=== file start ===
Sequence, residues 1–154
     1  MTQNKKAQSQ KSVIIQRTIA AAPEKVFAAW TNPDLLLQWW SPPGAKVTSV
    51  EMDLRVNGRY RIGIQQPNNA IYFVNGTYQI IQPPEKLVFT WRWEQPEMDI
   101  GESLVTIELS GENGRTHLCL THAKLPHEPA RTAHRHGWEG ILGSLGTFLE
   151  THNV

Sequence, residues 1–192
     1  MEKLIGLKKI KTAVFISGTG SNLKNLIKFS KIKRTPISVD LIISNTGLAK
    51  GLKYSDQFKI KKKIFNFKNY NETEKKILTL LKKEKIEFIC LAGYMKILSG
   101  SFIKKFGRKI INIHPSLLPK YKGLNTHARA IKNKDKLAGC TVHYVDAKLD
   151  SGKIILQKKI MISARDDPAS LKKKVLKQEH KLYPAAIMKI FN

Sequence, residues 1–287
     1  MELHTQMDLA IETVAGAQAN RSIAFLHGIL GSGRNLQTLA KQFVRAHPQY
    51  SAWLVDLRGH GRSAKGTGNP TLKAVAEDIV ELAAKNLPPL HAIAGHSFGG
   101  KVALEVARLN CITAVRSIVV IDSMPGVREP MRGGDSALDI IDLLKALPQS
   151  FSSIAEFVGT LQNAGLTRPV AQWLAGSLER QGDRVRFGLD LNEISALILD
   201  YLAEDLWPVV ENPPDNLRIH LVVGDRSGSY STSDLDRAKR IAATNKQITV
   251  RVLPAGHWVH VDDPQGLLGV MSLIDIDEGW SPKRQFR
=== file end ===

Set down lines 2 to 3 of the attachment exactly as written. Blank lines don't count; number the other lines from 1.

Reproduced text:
     1  MTQNKKAQSQ KSVIIQRTIA AAPEKVFAAW TNPDLLLQWW SPPGAKVTSV
    51  EMDLRVNGRY RIGIQQPNNA IYFVNGTYQI IQPPEKLVFT WRWEQPEMDI